The atmosphere in the gym is built on disbelief. People looking, staring almost, at the action inside the ring. Crisp, sharp, explosive.

In a gym which houses boxing royalty such as David Haye, Jorge Linares and renowned Cuban coach Ismael Salas this may not come as a surprise. You’d expect two multiple-weight World champions to bring a room to its knees. Yet, neither are here today. Instead, an 18-year old from the tiny Scottish town of Carstairs, Lanarkshire prowls the ring. It is his home, with spectators watching almost mouths agape.

Willy Hutchinson is Scotland’s only World amateur champion and was their first European amateur champion. That achievement in itself is astounding for a young man raised in an area as remote as Carstairs. “I don’t sound Scottish though, do I?” Willy laughs. The accent is hard to place. A result of two English parents he explains. He has recently turned professional with David Haye and Richard Schaefer’s ‘Hayemaker Ringstar’ promotion, basing himself for camp here in Vauxhall, London.

“(London?) It’s the busiest place I’ve ever been in my life. It’s like ants, I’ve never seen anything like it. It’s unbelievable. To be honest, wherever I go, I fit in. I came here one day and I was pals with everyone. I’m the easiest person to get on with! Scottish people isn’t it?” Again he laughs, infectiously. It’s hard to comprehend the pressure that an 18-year old man from a small town could be feeling.

I’d been aware of Hutchinson for about a year, since his historic win in Saint-Petersburg at the World Youth Amateur championships in 2016. He hadn’t gained much press at the time, other than the odd local newspaper and boxing forum post. I wondered, what had been most difficult for him to deal with?

“I got a trophy and a handshake. A World champion… I got a trophy and a handshake. But I’ve got a lot of respect for a lot of coaches there.” 

Hutchinson deserved more from Scottish boxing. He went on to tell me of his reception when presented with his plaque, 

“By the way, the day I got my trophy, infact it took them six months to give me the trophy, anyway we’ll pass that… I got it six months later. Then, I go to the Scottish championships and I get sent in the middle of the ring and no-one even clapped! To be the first ever World champion – I got nothing for it. I got, literally, zero. Although, that’s where this man (manager Mirko Wolf) seen me!”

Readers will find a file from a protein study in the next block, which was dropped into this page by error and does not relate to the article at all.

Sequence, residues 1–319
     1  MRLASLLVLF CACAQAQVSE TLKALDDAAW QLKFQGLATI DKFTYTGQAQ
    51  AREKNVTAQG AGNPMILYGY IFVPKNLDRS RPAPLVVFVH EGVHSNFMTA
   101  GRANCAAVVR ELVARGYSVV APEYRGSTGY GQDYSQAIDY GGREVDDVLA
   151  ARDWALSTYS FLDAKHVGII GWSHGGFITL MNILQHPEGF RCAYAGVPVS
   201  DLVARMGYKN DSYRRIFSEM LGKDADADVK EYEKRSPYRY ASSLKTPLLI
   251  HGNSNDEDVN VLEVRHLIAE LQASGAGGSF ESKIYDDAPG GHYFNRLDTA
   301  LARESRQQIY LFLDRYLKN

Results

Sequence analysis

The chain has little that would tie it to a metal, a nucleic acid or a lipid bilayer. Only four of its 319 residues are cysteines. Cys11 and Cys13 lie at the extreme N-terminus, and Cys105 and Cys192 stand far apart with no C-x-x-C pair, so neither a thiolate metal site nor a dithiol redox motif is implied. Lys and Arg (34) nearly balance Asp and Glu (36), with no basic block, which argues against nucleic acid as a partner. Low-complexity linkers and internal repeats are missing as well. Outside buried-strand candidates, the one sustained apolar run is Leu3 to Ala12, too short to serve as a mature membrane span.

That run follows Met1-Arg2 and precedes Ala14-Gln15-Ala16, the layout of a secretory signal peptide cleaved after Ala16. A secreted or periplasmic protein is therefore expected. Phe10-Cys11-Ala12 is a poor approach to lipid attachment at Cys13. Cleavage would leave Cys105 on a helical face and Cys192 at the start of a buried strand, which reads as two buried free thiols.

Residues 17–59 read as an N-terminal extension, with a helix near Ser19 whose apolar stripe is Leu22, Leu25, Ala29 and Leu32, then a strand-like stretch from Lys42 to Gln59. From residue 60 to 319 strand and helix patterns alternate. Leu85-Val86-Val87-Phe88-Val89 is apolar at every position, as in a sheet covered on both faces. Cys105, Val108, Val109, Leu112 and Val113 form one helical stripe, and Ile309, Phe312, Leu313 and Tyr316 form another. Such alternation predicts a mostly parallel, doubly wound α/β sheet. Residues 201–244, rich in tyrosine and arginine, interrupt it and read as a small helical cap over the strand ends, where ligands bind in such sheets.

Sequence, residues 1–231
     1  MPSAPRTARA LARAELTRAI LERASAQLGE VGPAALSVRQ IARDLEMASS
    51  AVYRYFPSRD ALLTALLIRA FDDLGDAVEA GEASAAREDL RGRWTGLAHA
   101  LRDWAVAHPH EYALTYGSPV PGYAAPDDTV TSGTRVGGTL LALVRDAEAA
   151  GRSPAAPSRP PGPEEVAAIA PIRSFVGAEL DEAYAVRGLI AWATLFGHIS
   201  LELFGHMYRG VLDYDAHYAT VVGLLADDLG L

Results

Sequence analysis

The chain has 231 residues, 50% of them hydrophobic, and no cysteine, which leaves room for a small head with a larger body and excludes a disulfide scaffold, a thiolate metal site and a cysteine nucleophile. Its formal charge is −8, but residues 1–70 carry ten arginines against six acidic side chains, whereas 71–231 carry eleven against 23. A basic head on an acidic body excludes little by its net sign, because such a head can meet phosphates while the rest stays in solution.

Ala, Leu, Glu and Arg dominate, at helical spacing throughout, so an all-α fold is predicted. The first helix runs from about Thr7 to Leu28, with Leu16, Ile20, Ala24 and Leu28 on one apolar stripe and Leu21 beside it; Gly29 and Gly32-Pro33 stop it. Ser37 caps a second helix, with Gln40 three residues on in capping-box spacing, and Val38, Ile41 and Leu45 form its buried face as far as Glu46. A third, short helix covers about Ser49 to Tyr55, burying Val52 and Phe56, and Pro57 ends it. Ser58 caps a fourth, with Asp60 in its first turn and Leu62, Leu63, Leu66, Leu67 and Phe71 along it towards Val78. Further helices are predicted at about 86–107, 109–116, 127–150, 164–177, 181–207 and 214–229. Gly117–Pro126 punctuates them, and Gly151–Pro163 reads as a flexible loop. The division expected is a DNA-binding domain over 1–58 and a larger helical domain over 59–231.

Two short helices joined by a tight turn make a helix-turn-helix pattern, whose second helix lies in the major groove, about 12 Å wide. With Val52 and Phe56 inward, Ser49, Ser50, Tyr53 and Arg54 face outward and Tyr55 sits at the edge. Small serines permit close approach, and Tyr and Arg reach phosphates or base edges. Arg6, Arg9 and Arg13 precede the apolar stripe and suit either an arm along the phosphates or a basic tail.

As Wolf sits on the ring apron, an imposing physical specimen with a warm nature, it’s clear he shares the excitement surrounding the Hutchinson camp. He was working with the AIBA at the World championships in Saint-Petersburg where Willy truly rose to prominence. Mirko Wolf himself was an undefeated fighter, winning eleven fights before moving into coaching nationally in Germany and forming bonds with Richard Schaefer and the Hayemaker team. He had lived boxing and was now breathing life back into the sport. Bluntly, I asked if he had seen anyone with Willy’s talent before?

“No. Never. The answer is no. I have come across some very talented people, I used to train with Roy Jones in his camp for several months but (Willy) is one of a kind. You don’t see this kind of talent. It’s hard to find words for it. What Mozart is to music, he can be to boxing. So gifted.”

Mirko hadn’t spoken to any other fighters regarding management at the tournament. His eyes were fixed on the young Scotsman. As Willy reminds us, “He had the whole world, and he chose me!” It is clear to see the bond between the pair. We share laughs sitting by the ring, exchanging stories about Willy’s family Sunday roasts back home as Mirko confesses he had never heard of such a meal! The conversation flows easily. Deceptively jovial, Hutchinson knows when to turn it on and switch from friendly talent to raw predator.

First impressions are key. I’d heard the day before from a friend of mine and professional head trainer Noel Callan that ‘the Scottish boy looked very, very good!’. Noel had been down for sparring with his fighter European #7 Hannah Rankin. She had worked with Savannah Marshall but whilst in the gym, Callan observed Hutchinson on the pads with Salas and was impressed.